Mauritius, Mr Speaker, Sir, as a multi-ethnic and multi-religious society, places social harmony as one of its highest priorities, and to this end, the Government of Mauritius is committed to upholding the highest standards in the respect for fundamental human rights. Therefore, Mauritius has a principled position on the issue of human rights, according to which, Mauritius cannot condone human rights violations taking place anywhere in the world. However, we have examined the situation on a case to case basis. It is the feeling that instead of taking confrontational stands and naming-and-shaming approaches, Mauritius always calls for a meaningful engagement with the country concerned through a process of genuine political dialogue and confidence-building. Mauritius, I must say, Mr Speaker, Sir – and I condemn it and I have made it a point of saying it to whoever, big country or small country – we are against double standards on human rights, so characteristic of certain countries. I remember the recent case – the Summit European Union in Africa – where the issue of Zimbabwe was being debated; lots of comments. My stand was yes, if there has been abuse, certainly, but what about Pinochet? Jack Straw was representing the Prime Minister. He was Home Secretary. I said: “What about Pinochet? Why the double standard? Why Pinochet was not arrested in the U.K. Why did you allow him to go?” His answer was: “Well, he was not well, Prime Minister.” I said: “Well, then, Mr Home Secretary, it seems you do not know what is happening because if you have looked at the News on television you would have seen that Pinochet when he reached Chilli, he got out of his wheelchair and went and kissed everyone. Double standards! And we condemn these double standards. Chagos, it is the same thing.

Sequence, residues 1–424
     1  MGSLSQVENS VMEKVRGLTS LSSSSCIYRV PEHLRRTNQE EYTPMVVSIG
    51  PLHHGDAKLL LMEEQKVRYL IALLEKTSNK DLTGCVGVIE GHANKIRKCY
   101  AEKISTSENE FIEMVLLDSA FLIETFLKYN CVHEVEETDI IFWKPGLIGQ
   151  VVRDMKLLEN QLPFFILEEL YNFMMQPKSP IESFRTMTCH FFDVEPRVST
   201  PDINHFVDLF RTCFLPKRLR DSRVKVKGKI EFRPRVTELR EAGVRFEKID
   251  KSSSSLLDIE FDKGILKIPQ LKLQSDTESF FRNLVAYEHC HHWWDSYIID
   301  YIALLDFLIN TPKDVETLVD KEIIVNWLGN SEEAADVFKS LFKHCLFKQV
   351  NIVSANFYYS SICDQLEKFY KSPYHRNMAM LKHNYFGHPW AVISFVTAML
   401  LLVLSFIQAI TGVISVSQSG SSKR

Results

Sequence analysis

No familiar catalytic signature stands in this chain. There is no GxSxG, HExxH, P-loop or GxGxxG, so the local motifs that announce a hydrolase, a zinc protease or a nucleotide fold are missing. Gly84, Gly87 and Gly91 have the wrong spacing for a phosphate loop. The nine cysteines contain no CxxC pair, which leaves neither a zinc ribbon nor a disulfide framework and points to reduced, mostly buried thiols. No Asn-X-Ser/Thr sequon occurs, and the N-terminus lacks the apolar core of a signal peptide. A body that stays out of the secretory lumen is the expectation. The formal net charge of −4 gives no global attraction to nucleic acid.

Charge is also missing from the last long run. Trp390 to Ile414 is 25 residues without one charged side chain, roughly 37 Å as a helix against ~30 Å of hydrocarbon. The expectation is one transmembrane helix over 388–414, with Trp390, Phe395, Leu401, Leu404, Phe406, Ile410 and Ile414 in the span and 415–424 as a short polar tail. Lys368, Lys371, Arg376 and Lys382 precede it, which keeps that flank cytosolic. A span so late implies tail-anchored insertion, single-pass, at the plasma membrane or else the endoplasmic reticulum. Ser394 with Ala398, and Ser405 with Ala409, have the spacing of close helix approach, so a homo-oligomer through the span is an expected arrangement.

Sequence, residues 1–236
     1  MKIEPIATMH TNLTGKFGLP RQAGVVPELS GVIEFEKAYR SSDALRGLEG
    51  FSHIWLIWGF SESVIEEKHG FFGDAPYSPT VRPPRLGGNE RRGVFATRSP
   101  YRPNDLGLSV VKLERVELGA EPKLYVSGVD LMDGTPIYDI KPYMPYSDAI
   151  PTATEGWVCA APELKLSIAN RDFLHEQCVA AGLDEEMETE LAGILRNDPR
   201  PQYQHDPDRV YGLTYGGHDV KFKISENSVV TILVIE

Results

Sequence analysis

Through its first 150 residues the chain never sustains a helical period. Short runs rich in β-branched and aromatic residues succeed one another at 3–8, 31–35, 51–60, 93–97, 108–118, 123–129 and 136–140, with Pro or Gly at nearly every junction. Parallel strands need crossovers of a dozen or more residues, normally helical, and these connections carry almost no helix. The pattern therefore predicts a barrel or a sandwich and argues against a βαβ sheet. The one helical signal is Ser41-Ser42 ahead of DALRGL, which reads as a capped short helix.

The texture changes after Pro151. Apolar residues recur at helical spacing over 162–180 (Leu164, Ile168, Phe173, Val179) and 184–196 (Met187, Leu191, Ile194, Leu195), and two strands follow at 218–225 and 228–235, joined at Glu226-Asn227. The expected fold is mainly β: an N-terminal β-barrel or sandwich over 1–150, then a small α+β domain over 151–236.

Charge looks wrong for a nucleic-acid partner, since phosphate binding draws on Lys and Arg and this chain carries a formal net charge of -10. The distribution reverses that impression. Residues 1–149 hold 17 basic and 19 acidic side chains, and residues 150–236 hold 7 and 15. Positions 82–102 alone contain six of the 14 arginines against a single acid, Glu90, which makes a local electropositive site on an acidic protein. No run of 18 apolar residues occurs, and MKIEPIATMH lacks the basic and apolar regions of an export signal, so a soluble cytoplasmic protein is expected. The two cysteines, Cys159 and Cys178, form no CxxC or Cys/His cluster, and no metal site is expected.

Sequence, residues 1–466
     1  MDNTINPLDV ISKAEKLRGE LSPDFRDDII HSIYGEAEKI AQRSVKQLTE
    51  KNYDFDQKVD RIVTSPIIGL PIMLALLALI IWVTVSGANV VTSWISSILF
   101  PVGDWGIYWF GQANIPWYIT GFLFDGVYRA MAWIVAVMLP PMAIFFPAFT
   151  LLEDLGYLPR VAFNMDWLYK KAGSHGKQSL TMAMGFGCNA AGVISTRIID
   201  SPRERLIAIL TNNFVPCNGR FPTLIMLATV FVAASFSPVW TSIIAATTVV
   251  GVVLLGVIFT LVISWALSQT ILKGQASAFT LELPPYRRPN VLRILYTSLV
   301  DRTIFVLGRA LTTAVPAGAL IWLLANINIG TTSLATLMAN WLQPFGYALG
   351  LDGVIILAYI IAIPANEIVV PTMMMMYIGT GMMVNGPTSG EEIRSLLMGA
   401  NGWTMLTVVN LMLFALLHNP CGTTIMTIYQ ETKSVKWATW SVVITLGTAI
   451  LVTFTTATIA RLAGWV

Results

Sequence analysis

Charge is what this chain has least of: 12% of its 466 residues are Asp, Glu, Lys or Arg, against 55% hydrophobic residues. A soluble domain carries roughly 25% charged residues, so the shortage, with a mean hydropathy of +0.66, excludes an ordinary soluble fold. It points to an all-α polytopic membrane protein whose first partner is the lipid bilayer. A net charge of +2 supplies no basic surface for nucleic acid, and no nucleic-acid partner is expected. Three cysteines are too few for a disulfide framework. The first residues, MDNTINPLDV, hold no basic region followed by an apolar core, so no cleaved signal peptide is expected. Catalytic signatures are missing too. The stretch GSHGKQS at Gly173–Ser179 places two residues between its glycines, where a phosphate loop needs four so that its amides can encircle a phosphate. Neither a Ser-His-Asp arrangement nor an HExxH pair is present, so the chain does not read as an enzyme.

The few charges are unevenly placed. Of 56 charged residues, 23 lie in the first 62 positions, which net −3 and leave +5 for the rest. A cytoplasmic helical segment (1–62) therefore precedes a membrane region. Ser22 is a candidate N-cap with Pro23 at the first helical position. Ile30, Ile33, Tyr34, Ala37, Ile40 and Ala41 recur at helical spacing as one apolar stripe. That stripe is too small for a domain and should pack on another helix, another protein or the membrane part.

Mr Speaker, Sir,
In regard to part (a) of the Question, as Prime Minister, I have regular consultations with my Minister of Foreign Affairs on a number of international issues, one of which is precisely the human rights situation in Sri Lanka.
I am informed by Minister Arvin Boolell that he met a number of Ministers during the Commonwealth Foreign Ministers’ Meeting held in the margins of the 68th Session of the United Nations General Assembly last September, including the Foreign Minister of Sri Lanka, Mr G. L Peiris. He also met Minister Peiris during the IOR-ARC Meeting in Perth earlier this month and impressed upon him – and I made it a point that he must impress upon him – the need for Sri Lanka to address the concerns raised by the Human Rights High Commissioner Ms Navi Pillay and emphasised the need and urgency to set up – I thought that was one solution – a Truth and Reconciliation Commission with a view to submitting recommendations.